Dance of Reality
Chilean director Alejandro Jodorowsky first premiered El Topo in 1970 with midnight screenings at New York’s Elgin Theater. Soon the film was drawing cult audiences at Cambridge’s legendary Orson Welles Cinema. Thus began the Midnight Movie Craze. Night Of The Living Dead, The Harder They Come, Eraserhead, and The Rocky Horror Picture Show all drew considerable followings. But what really appealed to a generation steeped in Carlos Castaneda and Timothy Leary? A surrealistic landscape featuring the director Jodorowsky on horseback, dressed from head-to-toe in black leather and accompanied by his naked 5 year-old son: the pair encountered mystical adventures in a broiling desert filled with buckets of blood, limbless actors, and lots of dead rabbits.
Jodorowsky followed it with the freaked-out visions of The Holy Mountain in 1973 and Sante Sangre 17 years later. These were films crammed with inscrutable images, indecipherable mythologies, and references to the Kabbalah, Christianity, alchemy, futurism, mysticism, politics, and much, much more. What did it all mean? Ah, youth.
During a hiatus of 24 years, in which he claims he produced 40 books, 80 comics, theater performances, exhibitions of his drawings, tarot training courses, and came very close to creating a visionary film version of Frank Herbert’s Dune (chronicled in the documentary Jodorowsky’s Dune), Jodorowsky prepared for his return to the cinematic wild side with The Dance of Reality. It is based on his book of the same name in which he wrote about his harsh upbringing in Tocopilla, a coastal town on the edge of the Chilean desert. The film was shot in the very locations where he grew up and blends metaphor, mythology, and music to conjure up an autobiography of his troubled childhood that is a ‘dance’ of memory and imagination.
Jodorowsky calls his creative process “psychomagic,” a practice about which he has lectured for decades and which is the subject of another of his books Psychomagic: The Transformative Power of Shamanic Psychotherapy. The practice claims that “psychological realizations can cause true transformation when manifested by concrete poetic acts.” Attempting to come to terms with his early life as the homely Jewish son of a harsh disciplinarian father, the director has made use of dreams, art, and now this film to heal wounds that have “traveled through generations.” His father, Jaime, is played by his own son Brontis Jodorowsky (the little boy on the horse in El Topo) who is now 52 years old. His sons Adan and Cristobal also appear in the film.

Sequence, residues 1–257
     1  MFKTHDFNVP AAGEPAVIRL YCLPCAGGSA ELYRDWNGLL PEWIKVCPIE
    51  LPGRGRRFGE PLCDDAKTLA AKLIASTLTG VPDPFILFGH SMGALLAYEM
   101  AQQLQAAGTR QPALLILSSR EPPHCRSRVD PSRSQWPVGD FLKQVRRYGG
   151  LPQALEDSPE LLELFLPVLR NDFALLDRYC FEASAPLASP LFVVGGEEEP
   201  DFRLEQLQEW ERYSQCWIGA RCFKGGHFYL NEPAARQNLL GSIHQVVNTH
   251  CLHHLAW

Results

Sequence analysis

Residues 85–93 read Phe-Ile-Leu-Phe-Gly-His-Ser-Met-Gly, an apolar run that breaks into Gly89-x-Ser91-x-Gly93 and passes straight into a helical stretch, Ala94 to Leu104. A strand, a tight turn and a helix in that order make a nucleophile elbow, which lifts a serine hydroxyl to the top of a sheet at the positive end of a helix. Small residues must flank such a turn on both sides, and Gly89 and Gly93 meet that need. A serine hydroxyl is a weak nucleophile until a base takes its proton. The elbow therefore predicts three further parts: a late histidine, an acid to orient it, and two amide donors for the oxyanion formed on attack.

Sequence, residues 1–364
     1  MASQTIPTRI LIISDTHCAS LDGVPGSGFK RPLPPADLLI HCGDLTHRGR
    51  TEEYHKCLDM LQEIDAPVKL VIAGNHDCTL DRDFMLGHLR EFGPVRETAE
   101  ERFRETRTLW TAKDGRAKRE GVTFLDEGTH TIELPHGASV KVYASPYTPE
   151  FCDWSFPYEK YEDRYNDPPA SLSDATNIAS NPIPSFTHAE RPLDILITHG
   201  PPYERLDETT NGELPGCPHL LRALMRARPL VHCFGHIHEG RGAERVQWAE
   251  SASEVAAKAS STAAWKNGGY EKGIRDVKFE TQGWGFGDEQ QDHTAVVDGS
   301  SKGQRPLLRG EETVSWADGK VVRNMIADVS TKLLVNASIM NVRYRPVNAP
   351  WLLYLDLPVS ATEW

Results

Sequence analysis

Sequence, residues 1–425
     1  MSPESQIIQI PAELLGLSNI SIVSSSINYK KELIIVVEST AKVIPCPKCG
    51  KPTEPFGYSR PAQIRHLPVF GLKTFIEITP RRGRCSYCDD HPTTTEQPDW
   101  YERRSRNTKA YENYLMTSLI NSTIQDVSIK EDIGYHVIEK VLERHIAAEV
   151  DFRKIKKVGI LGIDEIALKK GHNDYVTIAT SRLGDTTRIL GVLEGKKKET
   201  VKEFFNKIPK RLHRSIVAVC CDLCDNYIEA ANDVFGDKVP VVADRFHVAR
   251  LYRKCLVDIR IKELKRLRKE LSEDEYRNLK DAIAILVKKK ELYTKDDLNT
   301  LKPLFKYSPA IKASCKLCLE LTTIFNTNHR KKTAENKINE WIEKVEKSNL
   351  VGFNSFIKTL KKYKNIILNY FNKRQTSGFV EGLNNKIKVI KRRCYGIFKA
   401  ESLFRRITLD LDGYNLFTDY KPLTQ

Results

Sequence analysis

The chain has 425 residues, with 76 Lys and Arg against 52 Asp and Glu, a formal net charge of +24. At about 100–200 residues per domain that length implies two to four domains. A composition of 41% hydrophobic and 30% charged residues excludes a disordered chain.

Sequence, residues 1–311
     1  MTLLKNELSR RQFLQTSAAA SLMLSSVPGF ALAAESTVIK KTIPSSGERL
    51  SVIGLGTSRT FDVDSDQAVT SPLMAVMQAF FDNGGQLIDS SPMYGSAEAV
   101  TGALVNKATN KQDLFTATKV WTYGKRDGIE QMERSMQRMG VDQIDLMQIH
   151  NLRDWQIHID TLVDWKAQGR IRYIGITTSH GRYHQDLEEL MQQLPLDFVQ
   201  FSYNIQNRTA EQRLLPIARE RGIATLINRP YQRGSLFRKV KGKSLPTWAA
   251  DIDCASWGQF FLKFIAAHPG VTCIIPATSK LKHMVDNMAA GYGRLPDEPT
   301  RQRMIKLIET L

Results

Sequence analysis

The film is shocking and confessional and veers off into some elaborate fictions. He depicts his father slapping him as a child to see how long he could keep from crying and then, to test the boy’s manhood, he forbids the dentist to use an anaesthetic while he fixes the child’s broken tooth. I presume that scene is true, but did his Jamie really try to assassinate Carlos Ibáñez, the dictator of Chile? Or did he, a Stalinist who tailored his dress and mustache after the Russian tyrant, only dream of doing the deed? The film recounts the attempt in a fantastical and protracted scenario. Throughout, the director attempts to redeem his mother, Sara, who wanted to be an opera singer, and whom he calls “a humiliated woman,” by having her sing all her lines. It soon begins to feel overly gimmicky. In one scene Pamela Flores, the actress playing the role of the matriarch, is making love to her husband. She lifts her skirt to pee on Jodorowsky’s father who is, of course, being played by the director’s own son. The psychomagical process gets a bit disconcerting.
The real question is this: does the film confound us like El Topo once did, or does it mirror the stylistic approaches of the filmmakers Jodorowsky admires: the elegance of Bunuel, the humanity of Fellini’s carnavalesque, the mythological poetry of Werner Herzog? Unfortunately, Jodorowsky is too deep into his own head to make the accumulation of colorfully staged and dreamlike scenarios add up to all that much. The director says, “I travel in time to save myself. I created a relationship between myself and my interior child.” In doing so in such a private way, however, he leaves viewers behind.
The evening I attended, the credits rolled, the audience hesitated, someone clapped and finally applause broke out. Judging from the age of the crowd, most were not born when El Topo was released, but they wanted to acknowledge the film’s freedom and effort. To their credit, they are hungry for bold and radical voices in cinema and art. Jodorowsky is a fascinating artist, but this rehash of his own style (and of others) is lurid, stale, and simplistic. It would be better for young audiences to go back and spend some quality time with the tried and true canon of Bunuel, Fellini, Herzog, or even David Lynch and Peter Greenaway.